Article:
Mirror Mirror on My Screen -- Am I Hot or Not?
Remember the good old days of the Internet? You know, back when it was all porn and e-commerce? Ah, I miss it. Now it’s more like one big virtual reality vanity project: real-time updates on every street taco eaten, every time you catch your friends listening to “Call Me Maybe,” and every mundane thought that passes through the minds of every person you’ve ever met. When photos of babies (or future babies) start to outnumber images of Kate Upton, what does that say about us as a culture? Unless you live under a rock, you are likely immersed in the modern world of social media. Some have argued that Facebook, Twitter, and Instagram are producing a culture of narcissism – a population so self-obsessed, that we perpetually need instant validation for daily non-events. This slippery slope into megalomania is most evident via photos. Social media photo logs have become time-stamped mirrors of our lives. We seem to be inching ever-closer to becoming non-animated versions of Snow White’s Evil Queen, as we engage in a race to be the fairest in the land (and, like the Queen’s mirror, our virtual mirrors also talk back). But what exactly happens when we look at ourselves? Humans aren’t the only creatures with a healthy appreciation of our own image: elephants, dolphins, orcas, bonobos, chimpanzees, and orangutans can all recognize themselves in a mirror. But unlike these other animals, humans uniquely experience what Jacques Lacan refers to as the mirror stage, or the time between 6 to 18 months when the Ego forms. This Ego develops when we recognize our own image and become an object. We take comfort in seeing our own image, checking and validating ourselves in the mirror. And, oh, how we do check ourselves. According to UberFacts, the average woman spends about two years of her life staring in the mirror, whereas men only spend around 6 months gazing into their own eyes. But studies suggest that mirrors (and photos) not only reflect vanity, but breed self-consciousness. This is particularly dangerous for children. As a recent New York Times article stated, “A 3-year-old shouldn’t know which of her actions are worthy of being documented; she should simply be in the moment.” Social media, our public mirror, is largely to blame for an increase in this self-consciousness. The Center for Eating Disorders at Sheppard Pratt found that 75 percent of Facebook users are unhappy with their bodies, and 51 percent of respondents reported that Facebook makes them more conscious about their body and weight. Why? Rampant “photo sabotage” – where one knowingly posts unflattering photos of “friends” – may have something to do with it. 1 in 4 women are active frenemy photo sabotagers. Photo sabotagers be damned, we try to create a picture perfect image of ourselves through social media. And one key way we project this pseudo-perfection is by using photo editing tools. Part of Instagram’s appeal is its flattering filters. Users have even taken to bragging about a “selfie,” or self-portrait with the hashtag #nofilter, supposedly indicating that this image is more “real” than the others that use filters. In a world dominated by heavily manipulated virtual images, not being retouched has become something to brag about. Not quite ready to go prime time with your raw images? Here are 4 apps to pimp your pics (plus a sociological challenge – and a bad social media joke!) :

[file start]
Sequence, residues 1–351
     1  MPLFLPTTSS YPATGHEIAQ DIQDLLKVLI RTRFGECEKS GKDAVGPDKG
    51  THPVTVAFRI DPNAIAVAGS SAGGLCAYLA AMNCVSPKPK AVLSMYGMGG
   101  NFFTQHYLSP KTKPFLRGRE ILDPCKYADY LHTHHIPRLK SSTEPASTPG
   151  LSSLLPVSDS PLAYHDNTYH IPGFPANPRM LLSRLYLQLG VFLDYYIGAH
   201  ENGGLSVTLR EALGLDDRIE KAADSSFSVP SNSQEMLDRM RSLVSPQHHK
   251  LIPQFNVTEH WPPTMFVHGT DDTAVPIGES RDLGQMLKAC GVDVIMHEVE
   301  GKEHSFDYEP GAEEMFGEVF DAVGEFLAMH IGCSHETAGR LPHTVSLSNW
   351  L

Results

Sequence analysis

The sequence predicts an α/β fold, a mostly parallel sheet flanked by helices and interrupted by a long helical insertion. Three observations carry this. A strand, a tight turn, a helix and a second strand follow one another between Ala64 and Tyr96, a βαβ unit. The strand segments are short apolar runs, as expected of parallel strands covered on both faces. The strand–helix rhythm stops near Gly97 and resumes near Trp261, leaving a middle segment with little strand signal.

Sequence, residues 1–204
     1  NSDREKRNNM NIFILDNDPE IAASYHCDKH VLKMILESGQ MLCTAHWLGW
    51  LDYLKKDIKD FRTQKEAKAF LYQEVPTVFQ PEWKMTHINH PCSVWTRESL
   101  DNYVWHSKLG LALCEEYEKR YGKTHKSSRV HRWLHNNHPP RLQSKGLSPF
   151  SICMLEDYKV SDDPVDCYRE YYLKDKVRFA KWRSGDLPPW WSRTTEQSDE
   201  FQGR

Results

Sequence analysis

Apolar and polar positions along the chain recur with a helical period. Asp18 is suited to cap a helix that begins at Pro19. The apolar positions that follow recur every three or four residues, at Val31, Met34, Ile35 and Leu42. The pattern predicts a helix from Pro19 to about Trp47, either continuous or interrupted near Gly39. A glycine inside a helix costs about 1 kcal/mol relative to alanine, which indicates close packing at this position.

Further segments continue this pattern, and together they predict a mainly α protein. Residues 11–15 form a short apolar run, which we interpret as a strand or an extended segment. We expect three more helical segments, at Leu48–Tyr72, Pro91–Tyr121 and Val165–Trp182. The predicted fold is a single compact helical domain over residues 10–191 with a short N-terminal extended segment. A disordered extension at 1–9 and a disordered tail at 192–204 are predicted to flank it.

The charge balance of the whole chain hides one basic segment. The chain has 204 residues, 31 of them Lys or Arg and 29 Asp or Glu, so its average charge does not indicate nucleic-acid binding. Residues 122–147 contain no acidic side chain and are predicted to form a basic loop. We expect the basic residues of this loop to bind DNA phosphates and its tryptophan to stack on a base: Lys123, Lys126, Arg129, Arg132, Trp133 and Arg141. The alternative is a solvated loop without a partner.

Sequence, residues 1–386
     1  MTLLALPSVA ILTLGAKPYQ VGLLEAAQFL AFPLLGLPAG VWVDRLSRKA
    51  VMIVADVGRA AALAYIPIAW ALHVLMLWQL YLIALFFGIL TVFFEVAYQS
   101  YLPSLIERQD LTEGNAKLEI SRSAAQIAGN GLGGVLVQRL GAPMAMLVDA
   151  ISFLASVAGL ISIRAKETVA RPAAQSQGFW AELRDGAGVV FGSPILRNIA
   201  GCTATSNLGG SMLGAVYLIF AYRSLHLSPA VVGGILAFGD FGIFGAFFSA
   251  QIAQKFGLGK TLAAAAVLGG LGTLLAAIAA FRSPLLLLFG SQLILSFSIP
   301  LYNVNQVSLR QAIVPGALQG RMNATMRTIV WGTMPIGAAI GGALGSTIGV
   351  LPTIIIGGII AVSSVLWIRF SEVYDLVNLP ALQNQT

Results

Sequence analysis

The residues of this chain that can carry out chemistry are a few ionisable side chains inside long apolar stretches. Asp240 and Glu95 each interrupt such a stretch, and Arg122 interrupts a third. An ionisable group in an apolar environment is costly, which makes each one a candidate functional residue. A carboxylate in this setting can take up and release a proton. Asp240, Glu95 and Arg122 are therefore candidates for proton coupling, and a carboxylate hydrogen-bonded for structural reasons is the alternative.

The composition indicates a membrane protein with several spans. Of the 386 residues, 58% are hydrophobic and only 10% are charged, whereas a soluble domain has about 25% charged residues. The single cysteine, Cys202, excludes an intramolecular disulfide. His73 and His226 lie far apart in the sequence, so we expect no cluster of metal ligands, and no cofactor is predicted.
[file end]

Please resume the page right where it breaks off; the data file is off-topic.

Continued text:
- Don’t know which selfie to post? Pic Jointer will combine several images, so you don’t have to choose.
- Be Funky is a free app that lets you edit your image sans iPhoto; you can make sure your image is perfect even before adding an Instagram filter. Want your image to look like a painting? No problem! Have the perfect thought bubble to insert? Be Funky makes it possible.
- Color Splash lets you make select sections of your image black and white, while the rest remains in color. You can black and white out someone’s face, but leave their eyes blue! This app gives your photo the extra pop it was missing.
- Snapchat is a panacea for social media image-induced self-consciousness. The viewer can only see your picture for up to 5 seconds, then it’s gone forever.
- DIY Sociological Challenge: Try covering all your mirrors for one full day, then reflect on how you feel. (That means no taking any selfies either!)
- Bonus Joke: How much does a hipster weigh? An Instagram.